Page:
Whitebird was convicted back in September 2012 of aggravated assault, but was not sentenced until this week. The offence, committed in the summer of 2011, involved an intoxicated Whitebird punching his older half-sister. She hit a door hard enough to smash her jaw — an injury that caused a serious break from which she never fully recovered before her death a few years ago.

Whitebird was far from a stranger to violence, having spent the largest part of his life in custody since age 14. Court heard his record contains close to 15 entries for violence and firearms offences.

Kovach said Whitebird was in custody for his sister’s assault when he earned a seven-year sentence for slashing the throat of a fellow inmate.

That history left no question in the judge’s mind Whitebird has demonstrated the pattern of repetitive violent behaviour required for a DO designation.

The product of what Kovach described as a “chaotic” childhood, Whitebird was exposed to substance abuse and violence from an early age. His mother a residential school survivor, she developed a drinking problem and struggled as a parent.

Whitebird spent time in various foster homes and eventually, at age 12, started drinking and using marijuana.

Since diagnosed with FASD, Whitebird is considered “cognitively low-functioning” and lacks impulse control. His resulting difficulty with programming intended to curb his violent behaviour was chief among reasons Kovach decided an indeterminate sentence was necessary. Two forensic psychologists who assessed Whitebird found it unlikely he would be able to grasp and retain the material he’d need to in order to change.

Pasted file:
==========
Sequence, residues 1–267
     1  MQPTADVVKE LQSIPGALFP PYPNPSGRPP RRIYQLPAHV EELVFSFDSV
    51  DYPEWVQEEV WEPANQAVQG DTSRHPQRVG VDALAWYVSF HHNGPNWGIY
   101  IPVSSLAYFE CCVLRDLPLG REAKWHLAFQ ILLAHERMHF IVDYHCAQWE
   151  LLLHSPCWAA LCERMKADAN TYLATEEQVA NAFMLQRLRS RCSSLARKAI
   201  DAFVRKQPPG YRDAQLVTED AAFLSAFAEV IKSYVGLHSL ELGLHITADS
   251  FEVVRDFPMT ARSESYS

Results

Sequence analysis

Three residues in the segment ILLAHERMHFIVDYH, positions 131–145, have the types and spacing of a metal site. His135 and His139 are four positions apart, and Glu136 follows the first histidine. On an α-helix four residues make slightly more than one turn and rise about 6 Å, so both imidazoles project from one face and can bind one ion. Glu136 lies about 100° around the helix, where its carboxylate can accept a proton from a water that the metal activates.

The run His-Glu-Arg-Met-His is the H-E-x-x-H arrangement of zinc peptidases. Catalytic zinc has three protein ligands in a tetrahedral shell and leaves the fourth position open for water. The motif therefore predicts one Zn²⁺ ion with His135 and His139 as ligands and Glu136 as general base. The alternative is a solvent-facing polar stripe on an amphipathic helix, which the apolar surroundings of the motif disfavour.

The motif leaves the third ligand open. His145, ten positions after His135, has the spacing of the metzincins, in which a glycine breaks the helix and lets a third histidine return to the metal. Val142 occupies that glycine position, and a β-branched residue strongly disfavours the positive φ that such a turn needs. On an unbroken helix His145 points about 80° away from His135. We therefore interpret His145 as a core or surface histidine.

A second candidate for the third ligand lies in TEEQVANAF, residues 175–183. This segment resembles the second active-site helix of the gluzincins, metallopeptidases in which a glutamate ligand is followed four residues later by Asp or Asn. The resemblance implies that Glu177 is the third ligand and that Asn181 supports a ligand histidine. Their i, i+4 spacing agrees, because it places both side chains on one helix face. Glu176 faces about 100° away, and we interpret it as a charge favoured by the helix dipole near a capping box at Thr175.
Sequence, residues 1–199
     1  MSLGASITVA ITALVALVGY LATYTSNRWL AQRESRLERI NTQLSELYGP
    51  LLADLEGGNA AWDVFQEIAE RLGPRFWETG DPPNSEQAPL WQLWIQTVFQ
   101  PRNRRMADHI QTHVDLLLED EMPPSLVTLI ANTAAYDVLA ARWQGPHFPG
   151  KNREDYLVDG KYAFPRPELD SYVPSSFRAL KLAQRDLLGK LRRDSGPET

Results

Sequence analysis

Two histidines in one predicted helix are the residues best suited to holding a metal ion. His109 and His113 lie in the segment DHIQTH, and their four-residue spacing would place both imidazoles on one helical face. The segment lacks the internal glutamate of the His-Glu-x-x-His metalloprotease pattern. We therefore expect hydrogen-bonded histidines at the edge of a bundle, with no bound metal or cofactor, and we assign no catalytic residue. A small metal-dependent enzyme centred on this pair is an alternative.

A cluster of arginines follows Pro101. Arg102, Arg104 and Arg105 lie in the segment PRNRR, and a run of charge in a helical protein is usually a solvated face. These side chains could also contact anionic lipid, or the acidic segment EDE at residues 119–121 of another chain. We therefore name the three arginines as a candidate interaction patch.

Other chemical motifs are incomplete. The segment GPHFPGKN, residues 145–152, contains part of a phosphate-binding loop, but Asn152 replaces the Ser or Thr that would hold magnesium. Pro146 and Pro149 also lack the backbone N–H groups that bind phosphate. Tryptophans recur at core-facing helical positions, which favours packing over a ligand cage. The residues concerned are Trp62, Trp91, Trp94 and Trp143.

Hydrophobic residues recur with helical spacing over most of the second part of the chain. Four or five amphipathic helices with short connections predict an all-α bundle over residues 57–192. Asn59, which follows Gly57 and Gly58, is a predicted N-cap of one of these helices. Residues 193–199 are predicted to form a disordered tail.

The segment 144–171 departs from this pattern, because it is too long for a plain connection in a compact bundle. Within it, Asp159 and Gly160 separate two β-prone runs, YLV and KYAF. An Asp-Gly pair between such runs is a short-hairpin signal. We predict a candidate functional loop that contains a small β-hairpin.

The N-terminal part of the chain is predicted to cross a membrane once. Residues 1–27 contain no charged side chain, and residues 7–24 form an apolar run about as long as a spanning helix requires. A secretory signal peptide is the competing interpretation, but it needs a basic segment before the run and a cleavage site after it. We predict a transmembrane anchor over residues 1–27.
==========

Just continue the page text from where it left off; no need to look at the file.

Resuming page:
One of the psychologists believed the use of the Regional Psychiatric Centre as a home institution for Whitebird could help — a finding with which Kovach agreed. The judge made a recommendation to Correctional Service Canada (CSC) that Whitebird be placed in that institution on a permanent basis — or at least until he is able to make use of lessons learned in programming so as to safely release him.

“The CSC has a responsibility to protect the public from offenders, but it cannot be blind to the need for rehabilitation and support for offenders,” Kovach said. “Whitebird represents a failure by CSC to accommodate the needs of an individual with severe cognitive impairments.”

Even if he is eventually released, Kovach noted Whitebird’s cognitive issues mean he will require community assistance for the rest of his life.

Retrieved from

Truth & Reconciliation Call to Action #34: A Framework for Action

The FASD Prevention Conversation Project

The Truth and Reconciliation Commission of Canada’s (TRC) Call to Action 34 calls on national, provincial and territorial governments to make changes to the criminal justice system to improve outcomes for offenders with Fetal Alcohol Spectrum Disorder (FASD).

Truth & Reconciliation Call to Action #34: A Framework for Action provides background on the complex issue of individuals with FASD in the justice system with a goal to take up the TRC’s Call to Action to help improve outcomes for individuals with FASD. As well, it acknowledges the ongoing impacts of the Indian Residential School (IRS) system and provides mechanisms to bring about necessary changes in the areas of education, access, training, justice, evaluation and community supports.

The Framework for Action is part ofCanFASD’s ongoing commitment to take up the Calls to Action and to be actively involved in work and partnerships that focus on reconciliation and improving the lives…

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Alberta Community and Social Services: PDD Community Conversations

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The community-appointed panel leading the Persons with Developmental Disabilities (PDD) program review are hosting community conversations across Alberta.

The letter above (please click on image) or here, provides some more details about upcoming opportunities to meet with the panel and provide feedback into the PDD review in a community near you.

For more information about the review panel and upcoming community conversation sessions, visit the PDD Program Review website.